Thursday, September 13, 2018
Source: Elevator World
Glass and mirrored residential cab by Columbia Elevator Products, featuring Columbia’s ALURE® linear door operator for LULA and home-lift applications. As with early open-design birdcage elevators, today’s residential glass cabs revive the concept of passengers enjoying dynamic views of the elevator’s exterior architectural surroundings.
Interior design, whether in a home or business environment, is a major influencer on peoples’ impressions, moods, states-of-mind and desire/propensity to occupy a particular space. Life-defining decisions – such as whether to buy, rent, visit or remain in an environment – are made daily by millions of people, based on the way a space looks and how it makes them feel. Rooms are designed to represent their creators’ points of view, statements about who they are, whom they seek to invite into the space, and for what purpose.
Observes LJ Blaiotta, CEO of Columbia Elevator Products: “What essentially is an elevator cab but a small room that transports its temporary inhabitants vertically through a structure? As such, a cab is subject to the same interior design principals as any other room. When a person enters a building, the lobby may be the first thing they see, but the elevator is likely the first thing they fully experience. More than strictly utilitarian, the elevator cab is an outstanding opportunity to convey the personality and attitude of the building that surrounds it, and, on an ongoing basis, to make riders feel good about engaging with it.”
It is estimated that in America there are nearly 20 billion passenger trips per annum, and on average about a half dozen passengers per trip. That represents over 100 billion individual elevator rider engagements every year, a considerable number of opportunities to please people and bring value to the buildings and occupants they serve. Elevator cab design – a compendium of design, aesthetics and safety concerns – affects more people in more ways than is commonly considered.
Such effect has been the case from the elevator’s very earliest days, when the new technology began to impact not only the look of cities but also of people’s homes. Found primarily within the grander residences of the early 20th century, ornate “birdcage” cabs were designed to please the eye while providing dynamic views from within as they traveled through the elaborate stairwells into which they often were set. Following subsequent decades of cabs designed largely for safety reasons as “enclosed boxes,” today, with the advent of glass cab designs, attention has refocused on leveraging the view out from the cab to delight elevator passengers. Beyond interior installations, the development of extremely strong, laminated, shatter-retardant glass, advanced ventilation techniques – plus UV filtering and gels to manage exposure to the sun – collectively are enabling creation of previously undreamt-of elevator designs outside the building. As always, safety continues to be the overarching concern as these new glass creations evolve into the mainstream of elevator architecture. Current code, ANSI Z97.1, mandates the use of lamination to keep the glass intact if it should break, while Section 2 of the code governs the structural integrity required to keep riders inside the cabin in the event of a failure.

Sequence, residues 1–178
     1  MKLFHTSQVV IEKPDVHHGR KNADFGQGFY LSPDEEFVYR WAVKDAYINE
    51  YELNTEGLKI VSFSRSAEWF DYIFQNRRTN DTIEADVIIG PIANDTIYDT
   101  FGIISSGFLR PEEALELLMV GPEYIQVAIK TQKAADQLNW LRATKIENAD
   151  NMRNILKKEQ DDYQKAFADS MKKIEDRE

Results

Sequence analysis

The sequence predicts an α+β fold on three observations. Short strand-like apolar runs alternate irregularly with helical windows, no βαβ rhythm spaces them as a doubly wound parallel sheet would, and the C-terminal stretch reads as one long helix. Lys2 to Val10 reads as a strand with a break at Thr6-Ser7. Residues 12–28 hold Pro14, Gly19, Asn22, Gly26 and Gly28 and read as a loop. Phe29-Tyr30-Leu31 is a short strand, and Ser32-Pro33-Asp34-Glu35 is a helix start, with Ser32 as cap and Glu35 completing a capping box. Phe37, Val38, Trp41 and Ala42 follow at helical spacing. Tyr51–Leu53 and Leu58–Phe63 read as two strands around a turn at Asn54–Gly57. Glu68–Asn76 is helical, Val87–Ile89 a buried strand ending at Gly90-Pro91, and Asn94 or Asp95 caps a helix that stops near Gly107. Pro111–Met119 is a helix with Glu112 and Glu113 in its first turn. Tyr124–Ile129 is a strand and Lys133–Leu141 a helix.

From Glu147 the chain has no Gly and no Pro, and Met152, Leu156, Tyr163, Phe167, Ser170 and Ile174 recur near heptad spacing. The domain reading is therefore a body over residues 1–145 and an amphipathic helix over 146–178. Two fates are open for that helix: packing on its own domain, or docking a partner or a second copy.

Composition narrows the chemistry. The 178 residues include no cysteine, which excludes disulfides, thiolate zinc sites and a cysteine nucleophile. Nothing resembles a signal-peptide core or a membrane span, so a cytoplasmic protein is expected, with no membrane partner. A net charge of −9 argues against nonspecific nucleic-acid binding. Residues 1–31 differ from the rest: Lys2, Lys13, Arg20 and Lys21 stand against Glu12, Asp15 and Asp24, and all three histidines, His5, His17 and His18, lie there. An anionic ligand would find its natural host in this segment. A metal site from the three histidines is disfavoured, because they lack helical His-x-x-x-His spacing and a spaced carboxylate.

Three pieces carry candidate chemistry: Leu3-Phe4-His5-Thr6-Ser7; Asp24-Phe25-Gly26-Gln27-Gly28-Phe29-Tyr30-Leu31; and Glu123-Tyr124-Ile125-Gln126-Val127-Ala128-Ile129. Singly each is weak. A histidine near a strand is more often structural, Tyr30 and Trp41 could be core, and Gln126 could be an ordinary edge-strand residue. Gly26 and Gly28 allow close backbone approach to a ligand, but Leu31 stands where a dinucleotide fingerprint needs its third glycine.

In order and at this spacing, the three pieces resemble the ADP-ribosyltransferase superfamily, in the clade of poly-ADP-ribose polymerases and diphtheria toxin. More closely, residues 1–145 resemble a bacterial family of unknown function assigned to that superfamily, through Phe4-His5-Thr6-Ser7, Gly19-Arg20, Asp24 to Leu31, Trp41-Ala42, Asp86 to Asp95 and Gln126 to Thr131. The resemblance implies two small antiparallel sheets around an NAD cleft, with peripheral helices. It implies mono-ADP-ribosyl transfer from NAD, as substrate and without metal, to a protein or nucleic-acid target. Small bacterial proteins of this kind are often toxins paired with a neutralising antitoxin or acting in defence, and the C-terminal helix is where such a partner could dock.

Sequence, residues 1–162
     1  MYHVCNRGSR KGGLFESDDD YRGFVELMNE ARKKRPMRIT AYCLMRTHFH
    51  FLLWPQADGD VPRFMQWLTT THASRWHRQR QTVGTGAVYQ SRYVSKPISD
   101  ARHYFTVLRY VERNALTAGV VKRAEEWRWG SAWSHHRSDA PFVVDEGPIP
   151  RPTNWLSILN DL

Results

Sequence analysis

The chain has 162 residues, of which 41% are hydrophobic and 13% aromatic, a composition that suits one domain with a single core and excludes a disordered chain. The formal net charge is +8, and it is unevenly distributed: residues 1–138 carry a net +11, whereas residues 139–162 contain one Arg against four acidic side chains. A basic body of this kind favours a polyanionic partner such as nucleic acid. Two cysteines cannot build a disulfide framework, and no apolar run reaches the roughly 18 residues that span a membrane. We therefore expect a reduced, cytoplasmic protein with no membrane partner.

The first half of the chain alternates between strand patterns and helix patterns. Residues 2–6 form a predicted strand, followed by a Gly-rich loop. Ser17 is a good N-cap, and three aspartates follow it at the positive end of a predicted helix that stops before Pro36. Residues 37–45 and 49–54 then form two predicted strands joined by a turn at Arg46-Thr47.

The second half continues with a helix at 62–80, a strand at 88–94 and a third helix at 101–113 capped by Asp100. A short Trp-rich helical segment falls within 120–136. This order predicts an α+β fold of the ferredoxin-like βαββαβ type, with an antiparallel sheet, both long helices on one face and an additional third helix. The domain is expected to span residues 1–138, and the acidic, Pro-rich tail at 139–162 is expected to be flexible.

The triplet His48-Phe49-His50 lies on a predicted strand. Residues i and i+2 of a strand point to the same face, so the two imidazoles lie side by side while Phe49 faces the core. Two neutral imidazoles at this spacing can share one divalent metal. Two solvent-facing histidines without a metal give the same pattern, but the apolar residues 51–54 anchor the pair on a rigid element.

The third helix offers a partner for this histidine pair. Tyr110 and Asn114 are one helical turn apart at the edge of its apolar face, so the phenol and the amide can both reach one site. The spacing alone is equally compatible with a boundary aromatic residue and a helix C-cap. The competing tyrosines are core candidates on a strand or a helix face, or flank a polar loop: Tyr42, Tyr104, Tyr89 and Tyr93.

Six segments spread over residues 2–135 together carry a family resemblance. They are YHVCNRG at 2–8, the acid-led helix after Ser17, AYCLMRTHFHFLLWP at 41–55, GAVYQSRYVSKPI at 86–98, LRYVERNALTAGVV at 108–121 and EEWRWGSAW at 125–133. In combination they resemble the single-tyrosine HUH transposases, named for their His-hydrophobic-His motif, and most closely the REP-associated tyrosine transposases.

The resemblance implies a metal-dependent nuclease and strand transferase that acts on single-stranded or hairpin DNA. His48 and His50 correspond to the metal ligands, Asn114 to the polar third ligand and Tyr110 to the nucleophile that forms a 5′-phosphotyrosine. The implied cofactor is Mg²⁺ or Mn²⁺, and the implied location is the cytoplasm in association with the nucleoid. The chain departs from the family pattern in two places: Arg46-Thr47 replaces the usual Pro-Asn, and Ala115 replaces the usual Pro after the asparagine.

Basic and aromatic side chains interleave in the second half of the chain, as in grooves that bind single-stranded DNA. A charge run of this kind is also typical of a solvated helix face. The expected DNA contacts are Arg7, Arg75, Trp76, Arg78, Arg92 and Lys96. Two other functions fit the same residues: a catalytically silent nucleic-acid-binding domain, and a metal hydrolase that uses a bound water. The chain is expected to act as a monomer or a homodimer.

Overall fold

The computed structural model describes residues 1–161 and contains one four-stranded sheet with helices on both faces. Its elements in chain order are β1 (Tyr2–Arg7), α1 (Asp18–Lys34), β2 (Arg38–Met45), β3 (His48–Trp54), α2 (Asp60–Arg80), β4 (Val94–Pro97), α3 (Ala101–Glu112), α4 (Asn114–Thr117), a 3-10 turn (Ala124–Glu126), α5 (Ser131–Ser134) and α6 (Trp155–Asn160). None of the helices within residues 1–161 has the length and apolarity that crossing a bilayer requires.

Not all use of glass in cab design is simply to enable exterior views. Glass can be used inside the car, overlaying sensitive decorative materials to avoid damage – keeping those materials visible while enhancing them with depth and luster – or as a decorative element unto itself. A growing trend, for example, is back-painted glass, featuring patterns, artwork and scenes, augmented by special lighting effects and all manner of sensory treatments.
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